In our investigation, we're particularly interested in unraveling the secrets of post-depositional DRM. Initially, only the larger sediment particles become mechanically fixed shortly after deposition. Smaller particles, on the other hand, enjoy a freer journey, moving within water-filled voids and pore spaces for a longer duration. However, as the sediment consolidates and dries out, these smaller particles slowly become locked in too. It's a mesmerizing process, like witnessing magnetic particles tell stories of the ever-changing geomagnetic field.

Check out the figure below that illustrates the journey of magnetic particles during the lock-in or pDRM process.

The sedimentation process.

A The lock-in adventure begins when the particles settle on the sediment-water interface. Sediments are composed of a mix of magnetic and non-magnetic particles, creating a vibrant playground. During the early stages of the lock-in process, particles rotate freely and align with the geomagnetic field. It's like a magnetic ballroom dance conducted by the geomagnetic field forces.

B As time passes and sedimentation continues, the surrounding material consolidates. Larger magnetic particles begin to lose their mobility and get locked in. They find their forever spots, holding onto the memories of the geomagnetic field at that time. But what about the smaller particles? They're still lively and free, closely following the twists and turns of the geomagnetic field.

C After ample sedimentation and consolidation, the lock-in process reaches its grand finale. Each particle becomes a storyteller, carrying a piece of the geomagnetic field's history within it. The sediment layer becomes a mosaic of magnetic moments, depicting diverse states of the geomagnetic field throughout the entire lock-in period. It's like a magnetic symphony composed of the melodies of the geomagnetic field.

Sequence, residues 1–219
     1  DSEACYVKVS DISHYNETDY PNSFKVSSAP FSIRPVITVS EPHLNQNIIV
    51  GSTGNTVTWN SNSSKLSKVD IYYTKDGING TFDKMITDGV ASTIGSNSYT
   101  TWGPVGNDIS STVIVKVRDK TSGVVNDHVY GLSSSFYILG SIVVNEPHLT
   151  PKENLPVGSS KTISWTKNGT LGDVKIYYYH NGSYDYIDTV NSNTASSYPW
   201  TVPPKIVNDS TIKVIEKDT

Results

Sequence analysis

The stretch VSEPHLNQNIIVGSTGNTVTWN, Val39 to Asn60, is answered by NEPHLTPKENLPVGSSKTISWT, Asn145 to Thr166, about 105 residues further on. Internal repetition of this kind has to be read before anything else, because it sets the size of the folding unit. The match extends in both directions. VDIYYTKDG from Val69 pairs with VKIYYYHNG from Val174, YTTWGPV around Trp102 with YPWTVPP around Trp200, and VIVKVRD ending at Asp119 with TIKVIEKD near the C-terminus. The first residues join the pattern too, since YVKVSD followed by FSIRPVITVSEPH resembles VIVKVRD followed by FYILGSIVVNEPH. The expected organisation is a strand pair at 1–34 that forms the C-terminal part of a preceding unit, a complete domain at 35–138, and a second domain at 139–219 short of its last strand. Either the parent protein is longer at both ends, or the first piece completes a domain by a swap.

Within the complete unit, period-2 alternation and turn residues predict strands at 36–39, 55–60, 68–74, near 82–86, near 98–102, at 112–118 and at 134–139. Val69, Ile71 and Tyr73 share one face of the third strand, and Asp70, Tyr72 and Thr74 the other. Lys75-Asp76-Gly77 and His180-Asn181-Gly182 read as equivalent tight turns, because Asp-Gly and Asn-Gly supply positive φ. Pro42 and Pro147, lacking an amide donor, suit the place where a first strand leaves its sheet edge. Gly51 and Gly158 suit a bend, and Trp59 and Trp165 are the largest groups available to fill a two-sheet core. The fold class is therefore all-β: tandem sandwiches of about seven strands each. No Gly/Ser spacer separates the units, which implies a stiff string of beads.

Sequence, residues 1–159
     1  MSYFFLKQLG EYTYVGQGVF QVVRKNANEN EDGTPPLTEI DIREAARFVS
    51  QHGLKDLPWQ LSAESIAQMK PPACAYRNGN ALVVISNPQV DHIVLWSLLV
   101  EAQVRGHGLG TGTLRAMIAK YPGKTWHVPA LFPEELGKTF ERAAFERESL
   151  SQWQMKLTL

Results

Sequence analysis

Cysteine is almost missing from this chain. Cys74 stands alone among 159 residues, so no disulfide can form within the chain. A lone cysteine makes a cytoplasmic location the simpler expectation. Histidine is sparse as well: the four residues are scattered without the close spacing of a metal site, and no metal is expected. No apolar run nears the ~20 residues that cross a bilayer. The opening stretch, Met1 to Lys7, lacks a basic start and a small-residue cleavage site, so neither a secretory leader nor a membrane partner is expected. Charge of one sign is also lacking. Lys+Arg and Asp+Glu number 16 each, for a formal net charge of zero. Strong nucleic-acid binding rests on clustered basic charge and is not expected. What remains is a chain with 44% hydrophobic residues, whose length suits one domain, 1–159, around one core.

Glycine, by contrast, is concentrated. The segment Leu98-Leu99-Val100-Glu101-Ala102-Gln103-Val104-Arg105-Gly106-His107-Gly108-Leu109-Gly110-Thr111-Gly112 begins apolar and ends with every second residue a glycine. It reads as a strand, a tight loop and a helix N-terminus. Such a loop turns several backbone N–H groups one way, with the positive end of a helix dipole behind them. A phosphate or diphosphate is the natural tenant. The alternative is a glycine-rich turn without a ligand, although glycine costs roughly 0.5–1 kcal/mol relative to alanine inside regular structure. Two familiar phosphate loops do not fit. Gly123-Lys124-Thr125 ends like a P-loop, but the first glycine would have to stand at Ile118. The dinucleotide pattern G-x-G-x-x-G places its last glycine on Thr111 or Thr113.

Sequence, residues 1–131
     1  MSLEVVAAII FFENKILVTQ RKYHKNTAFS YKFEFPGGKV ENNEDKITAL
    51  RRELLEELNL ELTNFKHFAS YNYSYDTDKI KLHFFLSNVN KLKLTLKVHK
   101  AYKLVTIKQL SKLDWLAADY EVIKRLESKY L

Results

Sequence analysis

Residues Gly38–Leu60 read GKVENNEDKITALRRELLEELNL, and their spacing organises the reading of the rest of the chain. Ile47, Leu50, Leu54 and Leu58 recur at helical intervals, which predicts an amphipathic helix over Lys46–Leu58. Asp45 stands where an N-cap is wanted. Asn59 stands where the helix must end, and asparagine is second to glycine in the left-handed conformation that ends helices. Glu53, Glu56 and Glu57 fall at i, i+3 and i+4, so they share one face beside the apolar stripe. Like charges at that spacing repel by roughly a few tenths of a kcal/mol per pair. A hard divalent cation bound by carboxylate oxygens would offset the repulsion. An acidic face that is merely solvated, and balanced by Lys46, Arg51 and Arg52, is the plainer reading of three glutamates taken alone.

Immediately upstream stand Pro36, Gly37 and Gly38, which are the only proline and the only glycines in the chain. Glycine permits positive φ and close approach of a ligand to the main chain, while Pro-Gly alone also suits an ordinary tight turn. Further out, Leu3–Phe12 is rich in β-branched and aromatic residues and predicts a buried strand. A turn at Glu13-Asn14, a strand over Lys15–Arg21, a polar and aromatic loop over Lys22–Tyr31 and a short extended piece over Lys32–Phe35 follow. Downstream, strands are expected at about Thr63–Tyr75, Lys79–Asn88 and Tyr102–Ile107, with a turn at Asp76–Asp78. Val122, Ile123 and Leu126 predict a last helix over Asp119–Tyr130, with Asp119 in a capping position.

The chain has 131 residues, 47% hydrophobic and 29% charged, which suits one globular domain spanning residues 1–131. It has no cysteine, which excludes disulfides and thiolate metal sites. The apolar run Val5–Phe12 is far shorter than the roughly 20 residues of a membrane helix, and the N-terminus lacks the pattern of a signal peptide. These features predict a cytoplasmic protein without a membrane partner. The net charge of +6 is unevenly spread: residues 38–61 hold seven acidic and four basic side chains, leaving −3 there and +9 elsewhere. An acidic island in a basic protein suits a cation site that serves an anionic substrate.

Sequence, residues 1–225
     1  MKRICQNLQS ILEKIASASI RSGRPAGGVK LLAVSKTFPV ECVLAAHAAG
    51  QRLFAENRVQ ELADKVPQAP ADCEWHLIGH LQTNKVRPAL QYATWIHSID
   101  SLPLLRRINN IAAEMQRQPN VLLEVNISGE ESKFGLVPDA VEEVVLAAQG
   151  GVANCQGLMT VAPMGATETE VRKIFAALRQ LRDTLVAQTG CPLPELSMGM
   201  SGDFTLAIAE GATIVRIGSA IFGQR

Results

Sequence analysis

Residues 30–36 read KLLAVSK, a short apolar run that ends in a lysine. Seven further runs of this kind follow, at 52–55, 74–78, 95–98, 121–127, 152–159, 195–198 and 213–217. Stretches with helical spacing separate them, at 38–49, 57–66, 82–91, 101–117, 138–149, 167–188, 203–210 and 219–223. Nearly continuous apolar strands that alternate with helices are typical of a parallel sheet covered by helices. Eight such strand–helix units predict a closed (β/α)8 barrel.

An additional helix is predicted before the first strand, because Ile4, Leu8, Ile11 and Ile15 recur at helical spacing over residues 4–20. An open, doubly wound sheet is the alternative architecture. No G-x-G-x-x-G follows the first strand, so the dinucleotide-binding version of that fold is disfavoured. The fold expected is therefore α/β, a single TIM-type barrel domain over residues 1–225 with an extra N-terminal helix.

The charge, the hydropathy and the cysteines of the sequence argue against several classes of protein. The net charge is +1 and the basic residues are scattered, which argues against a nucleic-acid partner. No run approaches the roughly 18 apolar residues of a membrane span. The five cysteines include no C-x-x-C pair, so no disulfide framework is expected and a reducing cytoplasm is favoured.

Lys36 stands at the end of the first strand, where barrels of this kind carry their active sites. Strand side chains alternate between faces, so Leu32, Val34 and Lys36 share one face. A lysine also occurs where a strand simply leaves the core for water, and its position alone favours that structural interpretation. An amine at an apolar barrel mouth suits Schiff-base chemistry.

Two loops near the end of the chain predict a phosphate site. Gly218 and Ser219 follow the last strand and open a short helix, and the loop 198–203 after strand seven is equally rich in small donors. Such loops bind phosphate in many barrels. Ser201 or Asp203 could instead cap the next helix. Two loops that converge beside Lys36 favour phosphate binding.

The magnetic moment of a whole sediment layer represents a weighted average of the geomagnetic field over the lock-in period. This is where the concept of a lock-in function comes into play. The lock-in function assigns weights to the different geomagnetic field values, reflecting their significance during the lock-in process.

The investigation of the lock-in process and the development of a modeling concept to estimate the lock-in functions for individual core samples is the primary goal of our studies. Our research outcomes provide in-depth details, methodologies, and findings that shed light on the fascinating world of sediment records and post-depositional DRM. Visit https://sec23.git-pages.gfz-potsdam.de/korte/pdrm/ for more information. With our results we make sediment data a more reliable data source for modeling the geomagnetic field. It's time to unlock the secrets of the geomagnetic past!

Lukas Bohsung is a second year PhD student at the University of Potsdam and the Helmholtz Centre Potsdam — GFZ German Research Centre for Geosciences in Germany. His main focus is on investigating and modeling magnetization processes in sediments to make sediment records a more reliable data source for geomagnetic field reconstructions. He can be contacted via email here.